September 28, 2012 - 11:01 AMT
PanARMENIAN.Net - Slovenia's Prime Minister insisted that the Alpine nation does not need a bailout from the European Union, despite a crippling banking crisis that has unnerved investors and caused political gridlock, The Associated Press reports.
Prime Minister Janez Jansa said that Slovenia can overcome the threat of bankruptcy on its own by quickly passing banking reform legislation and spending $3 billion to $4 billion euros buying bad debt from state-owned banks.
In an interview with the AP on the sidelines of the annual gathering of world leaders at the United Nations, Jansa said his government is "determined to do everything that's possible" to prevent the need to ask for foreign assistance.
"We don't need money from the European stability mechanism," he said. "Of course we need structural reforms which were neglected during the past."
Jansa said his government wants to start buying up bad debt from banks by the end of the year. Slovenia also plans to sell bonds later this year.
Parliament "is starting to take all necessary measures to pull Slovenia from dangerous water," he said. "We have to stabilize our banking system. This is the most important short-term measure."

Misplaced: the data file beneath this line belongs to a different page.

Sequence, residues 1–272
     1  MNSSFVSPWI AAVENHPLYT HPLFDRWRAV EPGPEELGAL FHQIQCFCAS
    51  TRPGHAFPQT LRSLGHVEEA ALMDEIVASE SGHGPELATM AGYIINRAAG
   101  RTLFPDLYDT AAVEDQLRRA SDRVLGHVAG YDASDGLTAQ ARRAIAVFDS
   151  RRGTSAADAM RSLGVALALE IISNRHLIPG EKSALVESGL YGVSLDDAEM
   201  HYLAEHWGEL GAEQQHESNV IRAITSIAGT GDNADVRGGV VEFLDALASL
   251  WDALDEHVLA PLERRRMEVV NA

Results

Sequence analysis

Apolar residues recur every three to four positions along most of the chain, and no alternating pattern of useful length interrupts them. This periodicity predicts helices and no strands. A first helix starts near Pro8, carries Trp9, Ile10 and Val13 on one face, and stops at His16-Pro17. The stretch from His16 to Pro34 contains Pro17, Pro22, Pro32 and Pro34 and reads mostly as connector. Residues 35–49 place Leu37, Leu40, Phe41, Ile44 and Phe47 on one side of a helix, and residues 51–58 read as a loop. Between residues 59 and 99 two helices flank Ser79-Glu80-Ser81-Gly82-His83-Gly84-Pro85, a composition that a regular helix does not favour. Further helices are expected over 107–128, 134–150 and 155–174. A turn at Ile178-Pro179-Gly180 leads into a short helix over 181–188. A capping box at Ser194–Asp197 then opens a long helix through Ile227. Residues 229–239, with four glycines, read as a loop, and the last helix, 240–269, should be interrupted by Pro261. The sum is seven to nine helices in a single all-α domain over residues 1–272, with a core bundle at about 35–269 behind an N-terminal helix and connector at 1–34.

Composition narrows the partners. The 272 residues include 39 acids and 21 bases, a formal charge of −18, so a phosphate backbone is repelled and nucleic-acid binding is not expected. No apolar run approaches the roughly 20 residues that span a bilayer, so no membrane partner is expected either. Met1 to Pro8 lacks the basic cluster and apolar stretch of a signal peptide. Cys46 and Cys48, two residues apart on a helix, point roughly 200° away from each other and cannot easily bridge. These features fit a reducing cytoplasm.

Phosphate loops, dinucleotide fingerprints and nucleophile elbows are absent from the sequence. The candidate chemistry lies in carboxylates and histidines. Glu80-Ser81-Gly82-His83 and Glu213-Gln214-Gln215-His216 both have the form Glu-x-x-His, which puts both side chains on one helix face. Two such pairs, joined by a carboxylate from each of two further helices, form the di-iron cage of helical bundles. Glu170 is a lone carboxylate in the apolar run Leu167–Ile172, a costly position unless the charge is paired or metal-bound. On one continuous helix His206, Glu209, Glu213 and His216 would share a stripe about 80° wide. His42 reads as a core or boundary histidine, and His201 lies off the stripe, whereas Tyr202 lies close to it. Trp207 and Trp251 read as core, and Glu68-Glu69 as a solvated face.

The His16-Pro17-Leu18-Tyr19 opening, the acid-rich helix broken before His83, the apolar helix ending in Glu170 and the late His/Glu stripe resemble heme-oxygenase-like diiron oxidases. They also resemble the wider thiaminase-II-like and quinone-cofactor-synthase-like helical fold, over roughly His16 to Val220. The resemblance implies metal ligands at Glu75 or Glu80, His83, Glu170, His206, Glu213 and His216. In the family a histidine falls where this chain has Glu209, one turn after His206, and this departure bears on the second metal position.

Jansa also said the severity Europe's financial crisis was underestimated, which only prolonged the political stalemate in Slovenia, when the previous government should have been acting quickly to enact reforms.
Along with continuing to reduce its budget deficit, Jansa said Slovenia must past pension and labor reform to "send appropriate signals to financial markets."
The Prime Minister said he was confident his center-right government could push pension reform through a bitterly-divided parliament, and that it could survive a referendum if one is called.